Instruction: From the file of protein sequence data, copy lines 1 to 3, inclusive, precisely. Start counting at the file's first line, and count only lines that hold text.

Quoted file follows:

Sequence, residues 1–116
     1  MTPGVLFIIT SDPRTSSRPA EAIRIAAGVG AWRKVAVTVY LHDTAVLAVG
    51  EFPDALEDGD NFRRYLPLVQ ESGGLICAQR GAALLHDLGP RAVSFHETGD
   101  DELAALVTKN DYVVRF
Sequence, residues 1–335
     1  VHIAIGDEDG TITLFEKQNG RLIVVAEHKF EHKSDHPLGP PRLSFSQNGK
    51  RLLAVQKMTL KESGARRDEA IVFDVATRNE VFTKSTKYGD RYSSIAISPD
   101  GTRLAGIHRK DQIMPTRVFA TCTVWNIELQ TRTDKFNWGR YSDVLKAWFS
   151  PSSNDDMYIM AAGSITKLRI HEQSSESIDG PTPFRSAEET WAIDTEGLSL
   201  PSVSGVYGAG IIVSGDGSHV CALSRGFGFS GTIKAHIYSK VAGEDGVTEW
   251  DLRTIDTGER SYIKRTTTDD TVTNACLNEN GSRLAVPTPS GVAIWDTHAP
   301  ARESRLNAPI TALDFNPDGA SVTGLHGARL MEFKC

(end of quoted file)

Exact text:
Sequence, residues 1–116
     1  MTPGVLFIIT SDPRTSSRPA EAIRIAAGVG AWRKVAVTVY LHDTAVLAVG
    51  EFPDALEDGD NFRRYLPLVQ ESGGLICAQR GAALLHDLGP RAVSFHETGD